In the instant case the California Act defines 'employer,' and there is no state regulation or state statute which is similar to the Treasury regulation defining 'remuneration for employment.' But the difference is not controlling. We note that § 926 of the California Unemployment Insurance Code defines 'wages' as 'all remuneration payable for personal services, whether by private agreement or consent or by force of statute, including commissions and bonuses, and the reasonable cash value of all remuneration payable in any medium other than cash.' (Emphasis supplied.) It is apparent that when a dividend is paid out of the bankrupt estate on a wage claim, it is being done 'by force of statute.' Thus the sums paid as dividends are 'wage' payments within the meaning of the California Act. But we are of the opinion that even without Section 926 of the California Act defining wages, the dividend payments made would still properly be considered as wages. The mere fact that the sums were actually paid to the employees by the trustee does not deprive the payments of their primary identification as wages.
We think the following quotation in United States v. Fogarty, supra, 164 F.2d at page 29, is applicable to the instant case.
'The fact that at the time payments were made those receiving them might no longer have been in the employ of the company would not be material. And certainly in many relations a trustee in bankruptcy stands in the shoes of a bankrupt and the property in his hands, unless otherwise provided in the Bankruptcy Act, is subject to all of the equities impressed upon it in the hands of the bankrupt.'
The District Court was correct in holding that the reasons for enacting social security laws were practically the same for both the federal Social Security Act, 42 U.S.C.A. § 301 et seq. and the California Unemployment Insurance Code, and therefore well-reasoned construction regarding the scope of the federal act should have great weight in applying the California Code. Gillum v. Johnson, 7 Cal.2d 744, 62 P.2d 1037, 63 P.2d 810, 108 A.L.R. 595.
We also agree with the District Court's analysis of § 976 of the California Unemployment Insurance Code, which, it was argued, precluded the payment of the taxes as an expense of administration. The cited section provides in part: '* * * The contributions (employer's tax) are due and shall be paid to the department for the Unemployment Fund by each employer in accordance with this division and shall not be deducted in whole or in part from the wages of individuals in his employ.' The District Court correctly determined that the California unemployment tax in the instant case was an expense of administration (it having accrued subsequent to the filing of the petition in bankruptcy) and that the payment of such tax is not a deduction from the wages paid to employees. The fund out of which the wage payments are made does not become definite in amount until all expenses of administration have been paid. It would seem that Section 976 of the California Act was enacted to cover the usual and normal situation of a going business.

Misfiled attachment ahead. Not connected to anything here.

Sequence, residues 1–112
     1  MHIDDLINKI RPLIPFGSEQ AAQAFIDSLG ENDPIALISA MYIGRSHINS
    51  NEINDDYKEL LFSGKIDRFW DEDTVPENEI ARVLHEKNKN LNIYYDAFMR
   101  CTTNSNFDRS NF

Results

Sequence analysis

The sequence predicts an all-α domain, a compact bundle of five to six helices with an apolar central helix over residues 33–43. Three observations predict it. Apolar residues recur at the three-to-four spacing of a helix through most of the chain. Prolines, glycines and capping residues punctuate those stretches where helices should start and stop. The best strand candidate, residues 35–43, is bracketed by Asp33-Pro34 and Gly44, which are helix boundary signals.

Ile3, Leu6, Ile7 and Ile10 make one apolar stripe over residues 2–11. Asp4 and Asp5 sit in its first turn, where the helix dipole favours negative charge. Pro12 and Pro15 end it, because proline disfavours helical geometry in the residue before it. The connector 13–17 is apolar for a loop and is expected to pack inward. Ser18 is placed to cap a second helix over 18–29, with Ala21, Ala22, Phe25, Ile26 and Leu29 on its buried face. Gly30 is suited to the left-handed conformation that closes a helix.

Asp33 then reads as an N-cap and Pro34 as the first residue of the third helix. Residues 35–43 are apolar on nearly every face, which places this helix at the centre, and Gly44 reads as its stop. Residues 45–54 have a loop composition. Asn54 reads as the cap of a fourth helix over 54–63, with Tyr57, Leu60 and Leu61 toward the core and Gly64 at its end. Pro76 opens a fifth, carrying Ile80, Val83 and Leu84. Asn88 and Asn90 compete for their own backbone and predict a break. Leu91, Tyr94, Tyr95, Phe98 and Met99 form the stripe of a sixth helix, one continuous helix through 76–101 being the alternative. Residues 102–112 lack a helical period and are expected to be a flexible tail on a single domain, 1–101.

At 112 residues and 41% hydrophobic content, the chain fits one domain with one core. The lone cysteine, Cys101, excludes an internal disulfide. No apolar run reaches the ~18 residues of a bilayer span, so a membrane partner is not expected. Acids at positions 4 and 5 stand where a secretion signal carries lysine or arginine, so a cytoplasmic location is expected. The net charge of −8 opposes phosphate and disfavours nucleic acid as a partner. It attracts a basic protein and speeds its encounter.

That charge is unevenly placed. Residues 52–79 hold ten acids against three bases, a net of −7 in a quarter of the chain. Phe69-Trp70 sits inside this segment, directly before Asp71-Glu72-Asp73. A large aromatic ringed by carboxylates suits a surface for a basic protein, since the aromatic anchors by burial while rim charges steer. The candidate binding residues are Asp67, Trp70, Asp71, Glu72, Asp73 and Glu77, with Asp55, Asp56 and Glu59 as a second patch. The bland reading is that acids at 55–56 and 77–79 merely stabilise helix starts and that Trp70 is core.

In all respects the judgment of the District Court is affirmed.
The allowance of this appeal was granted pursuant to the provisions of Rule 33 of this Court, 28 U.S.C.A. The amount involved is only $28.38, but the appeal was granted because of its importance to the administration of bankruptcy proceedings in the federal courts of California
West's Ann.Cal. Unemployment Insurance Code, § 675. 'Employer. 'Employer' means any employing unit, which for some portion of a day, has within the current calendar year or had within the preceding calendar year in employment one or more individuals and pays wages for employment in excess of one hundred dollars ($100) during any calendar quarter.'
West's Ann.Cal. Unemployment Insurance Code, § 135. 'Employing Unit. 'Employing unit,' means any individual or type of organization, including any partnership, association, trust, estate, joint stock company, insurance company, corporation whether domestic or foreign, and the receiver, trustee in bankruptcy, trustee or successor thereof, and the legal representative of a deceased person, which has, or subsequent to January 1, 1936, had, in its employ one or more individuals performing services for it within this State. All individuals performing services within this State for any employing unit which maintains two or more separate establishments within this State shall be deemed to be employed by a single employing unit for all the purposes of this division.'